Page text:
Discrimination and Harassment
Discrimination is inequitable treatment based on an individual's protected characteristics or statuses (race, color, religion, sex, national origin, age, disability, genetic information, sexual orientation, veteran status, political affiliation or any other status protected by law) that excludes an individual from participation in, denies the individual the benefits of, treats the individual differently or otherwise adversely affects a term or condition of an individual's employment, education, living environment, or participation in an educational program or activity. This includes failing to provide reasonable accommodation, consistent with state and federal law, to persons with disabilities.
Harassment is a form of discrimination in which unwelcome verbal, written or physical conduct is directed toward an individual on the basis of his or her protected characteristics or statuses (race, color, religion, sex, national origin, age, disability, genetic information, sexual orientation, veteran status, political affiliation or any other status protected by law), by any member of the campus community. Harassment does not have to include intent to harm, be directed at a specific target or involve repeated incidents. Harassment violates this policy when it creates a hostile environment.
Any Christopher Newport student or employee who believes that he or she has been unlawfully discriminated against or harassed may file a complaint. by submitting an Title IX and EO Community Reporting Form online, or by contacting the Director of Title IX and Equal Opportunity.
Discrimination and harassment as described above is a violation of University policy and will not be tolerated.
Sexual harassment is a form of discrimination based on sex. It is defined as unwelcome sexual advances, requests for sexual favors, or other conduct of a sexual nature, including: verbal (e.g., specific demands for sexual favors, sexual innuendoes, sexually suggestive comments, jokes of a sexual nature, sexual propositions, or sexual threats); non-verbal (e.g., sexually suggestive emails, other writings, articles or documents, objects or pictures, graphic commentaries, suggestive or insulting sounds or gestures, leering, whistling, or obscene gestures); or physical (e.g., touching, pinching, brushing the body, any unwelcome or coerced sexual activity, including sexual assault). Sexual harassment, including sexual assault, can involve persons of the same or different sexes.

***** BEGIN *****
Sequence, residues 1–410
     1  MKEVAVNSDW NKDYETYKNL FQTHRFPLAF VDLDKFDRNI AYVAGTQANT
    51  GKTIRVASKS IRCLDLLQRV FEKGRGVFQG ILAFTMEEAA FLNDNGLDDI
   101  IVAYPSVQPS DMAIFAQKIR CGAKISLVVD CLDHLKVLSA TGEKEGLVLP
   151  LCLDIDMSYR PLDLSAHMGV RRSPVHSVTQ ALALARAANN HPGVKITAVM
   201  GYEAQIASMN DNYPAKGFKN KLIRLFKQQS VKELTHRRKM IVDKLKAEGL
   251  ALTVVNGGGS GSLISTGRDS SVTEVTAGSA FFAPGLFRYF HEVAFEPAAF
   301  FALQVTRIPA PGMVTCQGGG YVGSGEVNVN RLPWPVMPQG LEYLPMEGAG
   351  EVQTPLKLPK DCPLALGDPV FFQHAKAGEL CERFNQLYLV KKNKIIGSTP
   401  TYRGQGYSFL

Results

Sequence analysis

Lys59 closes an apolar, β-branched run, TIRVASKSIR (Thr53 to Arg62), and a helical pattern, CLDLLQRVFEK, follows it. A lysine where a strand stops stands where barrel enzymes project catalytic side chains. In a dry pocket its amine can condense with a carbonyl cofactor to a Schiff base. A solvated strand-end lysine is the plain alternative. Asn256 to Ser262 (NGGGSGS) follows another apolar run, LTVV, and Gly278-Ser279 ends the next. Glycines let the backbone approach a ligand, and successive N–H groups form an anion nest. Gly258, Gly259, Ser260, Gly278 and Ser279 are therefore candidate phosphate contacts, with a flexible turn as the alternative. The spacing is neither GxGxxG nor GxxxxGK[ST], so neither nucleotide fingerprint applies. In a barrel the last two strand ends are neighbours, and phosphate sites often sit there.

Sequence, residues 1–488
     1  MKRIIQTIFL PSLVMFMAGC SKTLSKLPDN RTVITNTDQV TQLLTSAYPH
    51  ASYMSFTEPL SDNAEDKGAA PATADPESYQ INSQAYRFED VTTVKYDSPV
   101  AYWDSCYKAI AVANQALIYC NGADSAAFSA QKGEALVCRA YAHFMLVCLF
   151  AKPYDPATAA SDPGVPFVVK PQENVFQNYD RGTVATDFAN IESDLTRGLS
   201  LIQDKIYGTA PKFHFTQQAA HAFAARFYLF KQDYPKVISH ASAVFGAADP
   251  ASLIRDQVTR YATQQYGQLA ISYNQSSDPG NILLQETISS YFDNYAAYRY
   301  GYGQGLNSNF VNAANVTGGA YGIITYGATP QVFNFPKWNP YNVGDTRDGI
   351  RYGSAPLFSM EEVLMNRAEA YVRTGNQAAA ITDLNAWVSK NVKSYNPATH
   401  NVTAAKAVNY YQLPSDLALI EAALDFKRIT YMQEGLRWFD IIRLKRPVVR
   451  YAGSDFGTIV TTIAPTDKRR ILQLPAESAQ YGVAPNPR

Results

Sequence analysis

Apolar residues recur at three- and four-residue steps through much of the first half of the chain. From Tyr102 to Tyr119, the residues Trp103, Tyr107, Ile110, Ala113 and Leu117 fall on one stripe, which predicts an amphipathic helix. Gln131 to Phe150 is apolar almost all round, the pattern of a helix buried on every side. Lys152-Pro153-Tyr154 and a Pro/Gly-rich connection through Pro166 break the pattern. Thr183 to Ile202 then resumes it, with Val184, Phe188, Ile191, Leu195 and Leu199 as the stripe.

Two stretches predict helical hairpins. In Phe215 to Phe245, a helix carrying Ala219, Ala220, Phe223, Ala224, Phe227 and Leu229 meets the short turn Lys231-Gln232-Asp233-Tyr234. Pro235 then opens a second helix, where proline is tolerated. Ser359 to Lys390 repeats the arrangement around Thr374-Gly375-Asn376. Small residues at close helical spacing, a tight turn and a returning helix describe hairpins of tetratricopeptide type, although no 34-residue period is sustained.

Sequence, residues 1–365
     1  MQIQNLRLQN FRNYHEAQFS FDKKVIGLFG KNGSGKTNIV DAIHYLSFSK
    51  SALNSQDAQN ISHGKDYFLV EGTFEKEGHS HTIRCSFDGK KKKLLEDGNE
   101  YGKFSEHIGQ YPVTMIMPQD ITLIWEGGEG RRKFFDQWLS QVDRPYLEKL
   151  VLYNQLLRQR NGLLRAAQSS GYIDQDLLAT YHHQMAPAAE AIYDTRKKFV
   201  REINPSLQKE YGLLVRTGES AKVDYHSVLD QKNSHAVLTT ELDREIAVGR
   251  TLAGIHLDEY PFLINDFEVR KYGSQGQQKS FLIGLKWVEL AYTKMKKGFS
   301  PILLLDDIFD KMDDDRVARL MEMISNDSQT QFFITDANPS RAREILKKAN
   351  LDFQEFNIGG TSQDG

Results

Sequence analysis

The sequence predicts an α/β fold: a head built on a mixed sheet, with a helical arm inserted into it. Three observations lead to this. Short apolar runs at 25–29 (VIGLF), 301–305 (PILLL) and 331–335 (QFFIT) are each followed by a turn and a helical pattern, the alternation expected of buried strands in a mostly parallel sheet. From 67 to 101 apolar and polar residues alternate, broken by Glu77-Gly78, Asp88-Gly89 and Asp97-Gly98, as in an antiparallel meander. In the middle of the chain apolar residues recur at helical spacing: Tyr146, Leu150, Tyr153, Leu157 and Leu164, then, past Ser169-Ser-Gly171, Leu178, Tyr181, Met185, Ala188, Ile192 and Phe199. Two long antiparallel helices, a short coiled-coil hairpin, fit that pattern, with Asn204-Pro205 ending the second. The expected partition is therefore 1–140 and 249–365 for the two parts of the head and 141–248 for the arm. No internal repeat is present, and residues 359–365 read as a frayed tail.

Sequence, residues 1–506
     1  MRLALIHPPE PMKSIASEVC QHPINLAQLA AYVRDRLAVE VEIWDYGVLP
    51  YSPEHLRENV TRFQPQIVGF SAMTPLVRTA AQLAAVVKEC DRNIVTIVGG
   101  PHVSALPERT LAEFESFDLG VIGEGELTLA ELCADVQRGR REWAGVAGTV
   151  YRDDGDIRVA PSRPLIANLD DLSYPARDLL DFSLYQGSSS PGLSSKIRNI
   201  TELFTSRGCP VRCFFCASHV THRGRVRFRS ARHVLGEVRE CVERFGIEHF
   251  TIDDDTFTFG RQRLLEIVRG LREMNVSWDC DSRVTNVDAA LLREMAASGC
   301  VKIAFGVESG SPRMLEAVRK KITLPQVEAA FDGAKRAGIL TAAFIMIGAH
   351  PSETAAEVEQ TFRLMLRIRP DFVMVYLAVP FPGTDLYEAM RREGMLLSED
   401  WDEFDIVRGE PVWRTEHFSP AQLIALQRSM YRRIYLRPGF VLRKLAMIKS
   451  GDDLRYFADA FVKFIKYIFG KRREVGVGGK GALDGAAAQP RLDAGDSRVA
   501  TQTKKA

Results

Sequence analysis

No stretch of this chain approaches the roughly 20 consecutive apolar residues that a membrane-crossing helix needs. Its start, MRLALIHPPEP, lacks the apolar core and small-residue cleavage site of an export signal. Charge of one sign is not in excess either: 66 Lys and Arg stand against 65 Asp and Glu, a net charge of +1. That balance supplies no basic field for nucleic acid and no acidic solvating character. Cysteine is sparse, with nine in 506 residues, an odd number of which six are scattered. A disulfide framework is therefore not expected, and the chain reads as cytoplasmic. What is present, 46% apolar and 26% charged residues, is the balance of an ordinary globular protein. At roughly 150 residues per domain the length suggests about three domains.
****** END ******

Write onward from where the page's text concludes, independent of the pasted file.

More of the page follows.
This following types of sexual harassment are prohibited:
- Term or condition of employment or education
This type of sexual harassment (often referred to as "quid pro quo" harassment) occurs when the terms or conditions of employment, educational benefits, academic grades or opportunities, living environment or participation in a Christopher Newport activity are conditioned upon, either explicitly or implicitly, submission to or rejection of unwelcome sexual advances or requests for sexual favors, or such submission or rejection is a factor in decisions affecting that individual's employment, education, living environment, or participation in a CNU program or activity.
- Hostile environment
Acts that create a hostile environment, as defined below.
Hostile environment may be conduct in any medium (e.g., oral, written, graphic or physical) that is sufficiently severe, persistent or pervasive and objectively offensive that it interferes with, limits or denies the ability of an individual to participate in or benefit from educational programs, services, opportunities, or activities or the individual's employment access, benefits or opportunities. Mere subjective offensiveness is not enough to create a hostile environment. In determining whether conduct is severe, persistent or pervasive, and thus creates a hostile environment, the following factors will be considered:
- The degree to which the conduct affected one or more individuals' education or employment
- The nature, scope, frequency, duration and location of the incident(s)
- The identity, number and relationships of persons involved
- The perspective of a “reasonable person” in the same situation as the person subjected to the conduct
- The nature of higher education
Retaliation is intimidation, threats, harassment and other adverse action taken or threatened against (1) any reporting party or person reporting or filing a complaint alleging discrimination, harassment, sexual harassment, or sexual misconduct or (2) any person cooperating in the investigation of an allegation of discrimination, harassment, sexual harassment, or sexual misconduct to include testifying, assisting or participating in any manner in an investigation pursuant to this policy. Action is generally deemed adverse if it would deter a reasonable person in the same circumstances from opposing practices prohibited by this policy. Retaliation may result in disciplinary or other action independent of the sanctions or interim measures imposed in response to the underlying allegations of discrimination, harassment, sexual harassment or sexual misconduct.